“She knows how the process works and she knows how legislators are going to approach negotiations,” Eyer said. “I see (her veto threats) as a sign of strength. … She’s showing she’s going to be a strong leader, and they need to come to the table.”
But Whitmer’s threats have irked some Republican lawmakers and prompted criticism from the state party, which recently blasted the governor for what it called a “veto vendetta” on auto insurance.
Senate Majority Leader Mike Shirkey and House Speaker Lee Chatfield have maintained open lines of communication with Whitmer despite the public confrontations.
“From the outside, it would seem to indicate a broken relationship, but I don’t think that’s the case,” said John Sellek, a Republican strategist with Harbor Strategic who worked on former Attorney General Bill Schuette’s 2018 gubernatorial campaign.
Whitmer, Shirkey and Chatifeld are all “pretty smart politicians” who know how to “rattle their sabers” in public to energize partisan activists without jeopardizing personal relationships that could prevent gridlock, Sellek said.
Whitmer's upfront approach is “reflective both of the confrontational political environment we’re in today but also reflects her personality," he said. “Whitmer wasn’t one to back down in the Legislature, and she hasn’t changed her tune now.”
One veto … and counting
The governor turned heads this month with her first line-item veto, rejecting a $10 million appropriation to compensate wrongfully convicted inmates because it was tucked into a policy bill, which would make it immune from voter referendum. Her administration wants the funding in a separate supplemental budget measure.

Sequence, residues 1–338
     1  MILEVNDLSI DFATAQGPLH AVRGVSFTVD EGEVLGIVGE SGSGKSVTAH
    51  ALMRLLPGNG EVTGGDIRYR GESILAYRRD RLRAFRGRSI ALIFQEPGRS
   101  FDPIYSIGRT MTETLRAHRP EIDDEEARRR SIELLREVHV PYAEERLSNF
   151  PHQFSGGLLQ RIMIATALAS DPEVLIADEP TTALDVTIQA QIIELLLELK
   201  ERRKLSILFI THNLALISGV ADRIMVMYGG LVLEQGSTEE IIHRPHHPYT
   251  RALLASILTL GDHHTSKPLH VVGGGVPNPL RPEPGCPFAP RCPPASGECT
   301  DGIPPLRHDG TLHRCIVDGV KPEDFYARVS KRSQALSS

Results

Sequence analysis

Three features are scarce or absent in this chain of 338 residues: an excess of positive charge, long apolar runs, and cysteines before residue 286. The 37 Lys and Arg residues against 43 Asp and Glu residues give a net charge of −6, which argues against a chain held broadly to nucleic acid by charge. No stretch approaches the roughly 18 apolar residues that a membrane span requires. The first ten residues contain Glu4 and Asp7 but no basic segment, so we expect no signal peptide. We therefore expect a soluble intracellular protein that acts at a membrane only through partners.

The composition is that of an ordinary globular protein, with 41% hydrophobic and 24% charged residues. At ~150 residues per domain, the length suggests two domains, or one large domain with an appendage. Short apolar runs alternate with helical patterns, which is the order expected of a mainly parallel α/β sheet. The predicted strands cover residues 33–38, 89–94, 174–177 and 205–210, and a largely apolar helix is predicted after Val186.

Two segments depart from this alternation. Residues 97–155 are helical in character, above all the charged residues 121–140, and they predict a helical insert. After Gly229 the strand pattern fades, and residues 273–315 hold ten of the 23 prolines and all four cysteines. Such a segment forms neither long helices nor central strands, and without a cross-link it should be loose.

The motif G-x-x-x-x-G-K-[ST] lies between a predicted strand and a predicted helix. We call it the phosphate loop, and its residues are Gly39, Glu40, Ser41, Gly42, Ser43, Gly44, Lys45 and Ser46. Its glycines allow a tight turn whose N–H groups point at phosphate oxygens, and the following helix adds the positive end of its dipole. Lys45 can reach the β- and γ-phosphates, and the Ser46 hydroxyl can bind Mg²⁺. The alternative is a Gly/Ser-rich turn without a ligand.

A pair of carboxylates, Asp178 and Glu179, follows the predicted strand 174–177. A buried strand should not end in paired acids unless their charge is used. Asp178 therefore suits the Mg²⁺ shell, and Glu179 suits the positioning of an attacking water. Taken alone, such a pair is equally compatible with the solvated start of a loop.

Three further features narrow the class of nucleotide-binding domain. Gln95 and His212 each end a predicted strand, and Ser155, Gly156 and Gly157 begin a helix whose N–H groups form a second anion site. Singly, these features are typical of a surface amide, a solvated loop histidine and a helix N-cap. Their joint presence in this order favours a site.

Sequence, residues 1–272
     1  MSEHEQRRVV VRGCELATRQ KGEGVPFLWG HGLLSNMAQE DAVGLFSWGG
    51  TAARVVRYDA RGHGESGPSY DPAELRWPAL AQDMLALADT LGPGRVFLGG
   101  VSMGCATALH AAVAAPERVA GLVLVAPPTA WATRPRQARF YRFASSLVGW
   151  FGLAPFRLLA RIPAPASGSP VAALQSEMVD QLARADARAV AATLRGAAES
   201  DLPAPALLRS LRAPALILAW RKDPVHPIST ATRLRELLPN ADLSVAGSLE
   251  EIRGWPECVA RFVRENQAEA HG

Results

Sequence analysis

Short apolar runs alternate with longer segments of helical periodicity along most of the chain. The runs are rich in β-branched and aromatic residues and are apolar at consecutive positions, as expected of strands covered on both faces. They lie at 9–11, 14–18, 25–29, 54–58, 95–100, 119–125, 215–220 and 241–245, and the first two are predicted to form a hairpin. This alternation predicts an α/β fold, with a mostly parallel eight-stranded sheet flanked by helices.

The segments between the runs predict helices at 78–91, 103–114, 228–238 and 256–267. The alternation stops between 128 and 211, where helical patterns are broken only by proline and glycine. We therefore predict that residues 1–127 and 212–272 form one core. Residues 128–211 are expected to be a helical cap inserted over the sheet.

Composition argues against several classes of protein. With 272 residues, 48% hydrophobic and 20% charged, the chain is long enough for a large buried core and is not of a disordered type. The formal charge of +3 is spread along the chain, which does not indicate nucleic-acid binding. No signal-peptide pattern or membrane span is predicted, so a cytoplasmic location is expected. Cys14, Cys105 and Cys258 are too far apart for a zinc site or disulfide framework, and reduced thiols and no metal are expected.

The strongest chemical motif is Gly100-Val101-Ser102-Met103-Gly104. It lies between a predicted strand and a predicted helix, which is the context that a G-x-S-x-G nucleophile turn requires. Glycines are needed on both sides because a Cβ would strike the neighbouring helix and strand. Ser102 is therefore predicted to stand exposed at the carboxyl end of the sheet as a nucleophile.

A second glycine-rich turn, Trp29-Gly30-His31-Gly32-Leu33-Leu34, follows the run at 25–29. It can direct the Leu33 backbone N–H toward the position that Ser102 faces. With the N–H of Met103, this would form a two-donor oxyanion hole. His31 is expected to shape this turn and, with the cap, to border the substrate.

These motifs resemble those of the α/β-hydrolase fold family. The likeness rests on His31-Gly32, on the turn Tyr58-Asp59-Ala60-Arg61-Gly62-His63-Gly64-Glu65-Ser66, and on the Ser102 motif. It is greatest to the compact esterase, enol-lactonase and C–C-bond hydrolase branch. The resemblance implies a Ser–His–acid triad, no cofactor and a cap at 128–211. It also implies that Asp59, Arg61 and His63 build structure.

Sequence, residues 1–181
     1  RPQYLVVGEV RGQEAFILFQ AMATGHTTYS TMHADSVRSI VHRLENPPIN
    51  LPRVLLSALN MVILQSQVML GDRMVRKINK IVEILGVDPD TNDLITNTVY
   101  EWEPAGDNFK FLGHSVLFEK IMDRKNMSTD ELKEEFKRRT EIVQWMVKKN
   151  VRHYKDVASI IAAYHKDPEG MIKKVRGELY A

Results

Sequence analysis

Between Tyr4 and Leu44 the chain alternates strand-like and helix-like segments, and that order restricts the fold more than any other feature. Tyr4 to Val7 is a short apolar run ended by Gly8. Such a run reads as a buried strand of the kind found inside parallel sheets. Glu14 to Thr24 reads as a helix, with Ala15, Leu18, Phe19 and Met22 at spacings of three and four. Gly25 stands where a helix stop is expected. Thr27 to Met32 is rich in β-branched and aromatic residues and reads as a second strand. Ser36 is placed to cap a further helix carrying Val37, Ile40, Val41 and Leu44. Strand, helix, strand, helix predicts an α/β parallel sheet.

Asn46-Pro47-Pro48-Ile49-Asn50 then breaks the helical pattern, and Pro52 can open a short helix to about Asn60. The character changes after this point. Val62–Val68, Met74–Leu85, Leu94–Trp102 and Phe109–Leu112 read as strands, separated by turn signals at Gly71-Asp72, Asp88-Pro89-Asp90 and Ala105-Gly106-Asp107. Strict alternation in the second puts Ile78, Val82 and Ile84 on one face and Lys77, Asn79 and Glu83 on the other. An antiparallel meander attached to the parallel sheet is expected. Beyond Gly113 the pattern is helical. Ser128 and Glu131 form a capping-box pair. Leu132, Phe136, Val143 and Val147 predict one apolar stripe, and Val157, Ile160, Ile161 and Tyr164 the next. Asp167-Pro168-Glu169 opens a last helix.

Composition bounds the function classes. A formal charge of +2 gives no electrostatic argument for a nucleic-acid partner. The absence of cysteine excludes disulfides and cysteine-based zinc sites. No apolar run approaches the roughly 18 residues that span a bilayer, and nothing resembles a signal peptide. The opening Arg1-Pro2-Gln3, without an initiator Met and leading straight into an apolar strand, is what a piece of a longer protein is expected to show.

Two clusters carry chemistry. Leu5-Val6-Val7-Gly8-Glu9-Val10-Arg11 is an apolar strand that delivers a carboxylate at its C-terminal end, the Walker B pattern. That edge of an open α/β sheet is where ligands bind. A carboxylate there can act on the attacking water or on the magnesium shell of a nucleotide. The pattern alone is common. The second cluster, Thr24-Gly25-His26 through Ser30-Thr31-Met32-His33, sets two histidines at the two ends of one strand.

The bill’s sponsor, Rep. Steve Johnson, R-Wayland, called the veto “disgraceful.” But the governor was honoring her campaign pledge to reject an increasingly common GOP maneuver to make more controversial legislation referendum-proof, Eyer said.
In 2012, Michigan voters overturned a controversial emergency manager law, but Republicans quickly approved a slightly different replacement that included implementation funding. It also attached an appropriation to the state's right-to-work law.
“It’s the principle of the matter,” Eyer said of Whitmer’s veto. “She made it very clear by doing so on a bill that everyone basically agrees on that she’s sure as heck going to do it on a bill that’s more controversial.”
While Whitmer can reject any law proposed by the Legislature, her early threats have prompted two potential petition drives from groups that could seek to cut her out of the equation.
Right to Life of Michigan last week said it plans to collect enough signatures to send the GOP-led Legislature a bill banning dilation and evacuation abortions, which lawmakers could enact without the governor's signature.
Billionaire Detroit businessman Dan Gilbert is also considering a petition drive to reform the state’s auto insurance laws if Whitmer and GOP leaders do not agree on a plan to drive down high rates.
Gilbert’s threat is “every bit as much” of a negotiation ploy as Whitmer’s threat of a veto, Eyer said. “It’s good for everybody to have these discussions out in public so people know where everyone stands.”
After eight years of Snyder demurring, Whitmer's veto proclamations come across as somewhat "refreshing," Ballenger said.
"But whether it's smart politics for the governor to do this," he said, "I think that's really an open question, particularly if she later comports herself in such a way that it looks like she's going back on her word."